Braking componentry is equally as new and nearly as wonderful. Twin rotors (riding on Marchesini wheels of the same size as last year) grew by 20mm to 320mm; and instead of the same pair of dual-piston clampers from last year, the 696 receives a powerful set of radial-mount four-pot Brembos. Maybe different pad material might improve feel a little more on what are otherwise highly-capable brakes. But, hey, I'm a critic! Or is it cynic?
We don't live in a perfect world, and some would say, however trifle the complaints, the 696 isn't perfect. The mirrors, stylish though they are, aren't very functional. The field of view is too restricted, they're a bit buzzy and look to be cheap, plastic-y pieces. And though I didn't have an issue with the reach to the brake and clutch levers, I could be convinced that their lack of adjustability seems insensitive considering this Monster is clearly in the arena of many female riders who often have smaller hands than their dude counterparts. Additionally, thinking of lady passengers this time, the heat shield on the new exhaust cans is almost non-existent, potentially making for one unhappy guest.
"It's a Monster!"
Like Giulio Malagoli, the Monster's lead engineer, said of his creation, "Isa one hundreda percenta Ducati. For sure-a it'sa Monster."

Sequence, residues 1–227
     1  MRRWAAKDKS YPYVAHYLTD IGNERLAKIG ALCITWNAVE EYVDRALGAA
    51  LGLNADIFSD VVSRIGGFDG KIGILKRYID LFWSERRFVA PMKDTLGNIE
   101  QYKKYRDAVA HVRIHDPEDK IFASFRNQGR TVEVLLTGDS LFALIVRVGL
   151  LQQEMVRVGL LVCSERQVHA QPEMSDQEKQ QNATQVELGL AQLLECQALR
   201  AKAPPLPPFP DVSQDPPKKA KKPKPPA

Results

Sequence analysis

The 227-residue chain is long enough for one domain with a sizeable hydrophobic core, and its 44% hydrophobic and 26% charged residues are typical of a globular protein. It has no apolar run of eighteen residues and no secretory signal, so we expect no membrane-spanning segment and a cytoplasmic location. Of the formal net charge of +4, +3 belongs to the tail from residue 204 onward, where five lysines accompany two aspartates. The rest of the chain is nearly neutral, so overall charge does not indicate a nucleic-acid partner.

Ducati knows what butters its exotic bike bread, and for you, Monster fan, they've created the new 696 in a sharp new package. The improvements to the chassis, suspension and braking are complemented by a smartly revised mill, with the bike's looks and accouterments as most delicious icing on the cake.
If you're an experienced rider looking for a multi-tool ball-of-fun with loads of character, or a new or shorter rider, or a long-time devotee of this line of minimalist Italian bikes, be sure to get your deposit in soon, as my guess is that they'll be flyin' out the door faster than free cheese. Hopefully you’re the patient type, though, as the bike isn't slated to appear in the U.S. until June-ish '08 as a 2009 model. The 695 will complete its full production run during that time, so there'll be some overlap for awhile. When the 696 does hit American dealers, we'll be getting the model with pillion cover and little flyscreen as standard, all for $8775.
Look out, SV650 lovers. Those willing to pay will be ready to play!
(By Pete Brissette, Apr. 16, 2008)